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Tell Me A Story, Mama!

Your Own Stories Are As Good As Any Book

My mother told me many funny stories of her youth when I was growing up. 

She was the fourth of four children, born 11 years after her next oldest sibling, when their mom was 41 years old. 

The stories we mostly of her antics of being a spunky child of a mother who had thought she was done parenting only to be surprised with my mother. I particularly loved the story of how my mom brought home  a tiny black kitten after wanting one so badly and being told “no,” repeatedly and how my grandmother finally acquiesced to let the kitten stay only because he was "so cute."   

Another favorite story is how as a teenager my mom bleached her hair white as a sheet and shocked my grandmother so, having gone from brunette to bleach blond in moments behind her bedroom door. 

These stories are wonderful testaments to my mother, now passed, of her independence and the humor she found in livening things up living with her mother who had her rather late in life. In "Tell Me A Story, Mama," by Angela Johnson, a young girl is being put to bed by her mother and requests that her mama tell a story of when Mama was little.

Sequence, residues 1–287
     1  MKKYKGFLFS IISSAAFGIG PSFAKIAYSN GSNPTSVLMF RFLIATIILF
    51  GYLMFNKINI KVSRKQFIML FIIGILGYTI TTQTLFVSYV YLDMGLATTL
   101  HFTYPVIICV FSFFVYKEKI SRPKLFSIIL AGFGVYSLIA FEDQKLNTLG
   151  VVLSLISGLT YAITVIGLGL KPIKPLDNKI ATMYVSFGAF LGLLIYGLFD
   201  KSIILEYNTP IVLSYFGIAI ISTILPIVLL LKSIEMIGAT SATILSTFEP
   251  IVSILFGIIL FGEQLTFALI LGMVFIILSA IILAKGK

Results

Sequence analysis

Instead of Mama being the storyteller, her daughter reminds Mama of stories already shared. 

Mama chimes in with affirmations and embellishments such as, “Meanest woman I’ve ever known, too, baby!” to the story of Mama living across the road from a mean old lady who hollered out her window at her and her younger sister every morning.

The little girl continues to recall how her grandmamma, Mama’s mother, made Mama apologize for throwing mud on the old lady’s fence for being so mean and then kissed mama and gave her an extra sweet roll after dinner. 

Mama replied, “Your grandmamma makes the best sweet rolls!” The little girl asks whether gGandmamma will be with her forever.  Mama replies, “She won’t be here forever, baby, but long enough for you never to forget how much she loves you.” 

The stories continue, reliving mama’s rescue of a lost puppy, being sent to live with her aunt for a few months  while her parent’s worked, and how mama’s younger sister cried all the way on the train to Aunt Rosetta’s house where they were staying.  The little girl asked her mother if it is OK to cry.  Mama answers, “If you feel like it, it’s OK.” 

The little girl then connects the emotion of crying to how she felt when her best friend Corey moved away; how she cried and how she bet Corey did too. 

Mama, said, “I bet he did.” 

“Would you cry if I moved away, Mama?”  “Yes, I will…”  Another story is retold how grandmamma cried when mama moved away.  “I remember”, said mama. “I like it when you tell me stories, mama.  Tell me more tomorrow.” 

“Okay, baby.  More stories tomorrow,” as mama and her daughter embrace in an exchange of love and stories that will be replayed at many bedtimes to come.

This is a great bedtime story for 4-9 year olds.  It emphasizes the importance of family history, storytelling and the intimacy that can be shared at bedtime through books and even orally told stories whether made up or real life family tales.

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